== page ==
Netanyahu rival bolts party to launch leadership challenge
JERUSALEM (AP) — Gideon Saar, the leading rival of Prime Minister Benjamin Netanyahu inside the ruling Likud party, announced on Tuesday that he was breaking away to form a new political party ahead of elections expected early next year.
In a statement broadcast on national television, Saar said that Netanyahu had bungled the management of the health and economic crises stemming from the coronavirus pandemic and had turned the Likud into a tool for personal survival at a time when he is on trial for corruption charges.
Saar said that he could not serve under Netanyahu any longer and would seek the prime minister’s post himself as the head of a new party.
“A change in the country’s leadership is needed,” Saar said. “Today, Israel needs unity and stability. Netanyahu can’t, and won’t be able to, provide either.”
A former aide and senior Cabinet minister under Netanyahu, Saar was long considered a rising star in Likud. He held the senior posts of education minister and interior minister under Netanyahu and finished first in party primaries.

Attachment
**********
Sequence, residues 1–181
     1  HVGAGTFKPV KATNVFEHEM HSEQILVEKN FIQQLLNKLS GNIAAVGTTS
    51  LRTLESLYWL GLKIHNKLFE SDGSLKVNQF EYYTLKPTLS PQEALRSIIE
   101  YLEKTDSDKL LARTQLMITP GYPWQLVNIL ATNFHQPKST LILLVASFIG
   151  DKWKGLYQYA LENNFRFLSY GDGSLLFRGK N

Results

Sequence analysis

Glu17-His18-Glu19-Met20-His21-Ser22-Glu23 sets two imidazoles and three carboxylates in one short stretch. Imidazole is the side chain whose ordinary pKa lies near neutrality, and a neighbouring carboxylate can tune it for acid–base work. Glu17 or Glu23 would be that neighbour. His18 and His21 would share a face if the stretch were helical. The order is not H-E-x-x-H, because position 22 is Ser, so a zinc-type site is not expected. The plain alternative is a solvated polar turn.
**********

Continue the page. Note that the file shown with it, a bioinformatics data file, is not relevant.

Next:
But like other Likud members who have risen too fast, he began to be perceived by Netanyahu as a threat. He took a break from politics in 2014, then returned to the Likud last year, only to be trounced by Netanyahu in a party primary.
While Saar seems unlikely to be a major contender for prime minister in the next elections, he could siphon off votes of nationalist voters who have grown unhappy with Netanyahu. That could complicate Netanyahu’s task of forming a new coalition if a vote is held.
In a statement, Likud said Saar was leaving because he was disappointed over his loss in the primary vote and had seen his popularity plunge in internal party polls.
Netanyahu this year formed a coalition with his main rival, Blue and White leader Benny Gantz, with the stated aim of managing the coronavirus crisis. But their partnership has been plagued by mistrust and paralysis.
Gantz last week voted in favor of a preliminary motion to dissolve parliament and hold new elections. Although last ditch negotiations are taking place to save the coalition, parliament is expected to make a final decision this month on what would be the fourth national election in just two years.